Ecology And Environment

About the Malthusian Catastrophe



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A Malthusian catastrophe is an event which results from a period of unchecked population growth, according to the theory of overpopulation advanced by Enlightenment demographer Thomas Robert Malthus (and subsequently applied to "peak oil" and other conceptually similar subjects). According to Malthus, a population grows regularly, or geometrically, until it reaches a peak level at which it cannot hope to sustain itself, and then collapses in a cataclysmic event known as a "Malthusian catastrophe."

- About Thomas Malthus and Overpopulation -

Thomas Malthus (1766-1834) was an Englishman who worked as an Anglican clergyman and then as a history professor for the East India Company. He is best known for his "Essay on the Principle of Population," in which Malthus worked out his still-influential theory on the causes and consequences of overpopulation.

According to Malthus, a perfect (or "utopian") society could never develop within a human nation because of the constant cycle of growth, overpopulation, and crisis. Invariably, he argued, technological and other progress would allow human societies to increase the amount of food they could harvest from the same amount of land. This would allow the population to grow. At any given time, according to Malthus, the population of a healthy society was either the maximum number of people who could survive on the food being produced, or was rapidly growing towards that number. The most pessimistic consequence of this perspective was that poverty was more or less inevitable, the human population normally being that which could be sustained on the minimum diet necessary to survive rather than a healthy diet calculated for comfort and good health.

Of course, at the time no countries exercised deliberate population control (and only a few do today, usually with only partial success). For this reason, Malthus argued, there were natural laws which served to restrict population as it bumped up against the maximum viable limits. The most dramatic of these, of course, are those which reduce the population back to more sustainable levels from which growth can re-commence, such as wars (in which soldiers die), famines, and plagues (in which many people die). Typical of Enlightenment scholars, Malthus also argued that once these natural laws were known (as he attempted to do), an intelligently governed society could devise more humane checks and balances on its population levels.

- The Malthusian Catastrophe -

These dramatic and, absent enlightened government, inevitable population reduction incidents are known as Malthusian catastrophes. In Malthus's original theory, the concept was restricted to two variables: human population levels, and the amount of food which a society could produce. When population growth outstripped food growth, a society puts itself in a position where a devastating event will reduce its population back to a lower level. This may be a war over increasingly scarce territory and resources, in which large numbers of soldiers and some civilians die. Eventually, however, a society too short on food will be at greater risk of a pandemic, and a society with still less food will eventually face a famine. In any of these cases, the resulting "catastrophe" will kill so many people that the survivors will be once again capable of living on their available land base again.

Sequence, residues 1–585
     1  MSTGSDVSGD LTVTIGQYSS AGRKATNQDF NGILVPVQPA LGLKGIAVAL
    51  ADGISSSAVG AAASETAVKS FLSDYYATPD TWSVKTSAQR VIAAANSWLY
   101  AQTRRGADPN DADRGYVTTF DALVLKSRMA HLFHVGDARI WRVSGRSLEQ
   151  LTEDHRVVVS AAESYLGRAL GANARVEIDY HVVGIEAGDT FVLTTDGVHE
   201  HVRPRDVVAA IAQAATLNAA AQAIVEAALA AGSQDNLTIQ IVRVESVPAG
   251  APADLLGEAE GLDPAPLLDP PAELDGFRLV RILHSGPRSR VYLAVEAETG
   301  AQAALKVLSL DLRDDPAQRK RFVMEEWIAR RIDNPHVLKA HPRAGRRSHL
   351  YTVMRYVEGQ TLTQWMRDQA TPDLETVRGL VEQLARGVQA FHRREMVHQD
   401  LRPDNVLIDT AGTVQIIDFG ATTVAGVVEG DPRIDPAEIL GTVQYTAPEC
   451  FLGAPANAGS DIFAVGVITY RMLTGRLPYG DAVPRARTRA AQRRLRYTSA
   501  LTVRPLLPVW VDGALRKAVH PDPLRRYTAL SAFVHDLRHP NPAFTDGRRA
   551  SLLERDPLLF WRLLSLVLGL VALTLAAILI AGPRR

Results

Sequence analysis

It should be noted that this version of the Malthusian catastrophe does not actually permanently "solve" the problem, which is unchecked human population growth. The reduced human population will eventually grow back to dangerous levels, and suffer yet another catastrophe, unless enlightened leadership can check it at a sufficiently low level to prevent future catastrophes.

Today, the concept of the Malthusian catastrophe is still applied to agricultural problems, but is also at the base of the analysis of other economic issues, in particular depletion of valuable but scarce natural resources such as oil and gas. In both cases, the warning is more or less the same as Malthus's, though without his theme of cyclical devastation. Today, our society can only be effectively analyzed at the global level, not the national level, and at our currently very intensive level of exploitation, the "resources" being depleted - like arable farm land and fossil fuels - simply cannot recover at a rate anything like what they would need to in order to allow recovery within the timeframe of human civilization. Arable land and fossil fuel reserves will probably require, respectively, at least decades or centuries and at least thousands of years (if not millions of years) to recover to useable levels.

The culminating Malthusian catastrophe, then, could be all the more devastating. In the case of what is commonly referred to as "peak oil," humanity would have to develop alternative fuel sources immediately - because there simply would be no possibility of obtaining more oil at feasible prices. In the more frightening case of peak agriculture, salination and exhaustion of the soil would not only mean that current population growth has exceeded current farming limits, but that future farming capabilities will be far lower than those of today. In that case, Malthus's fear of a general famine could become reality.

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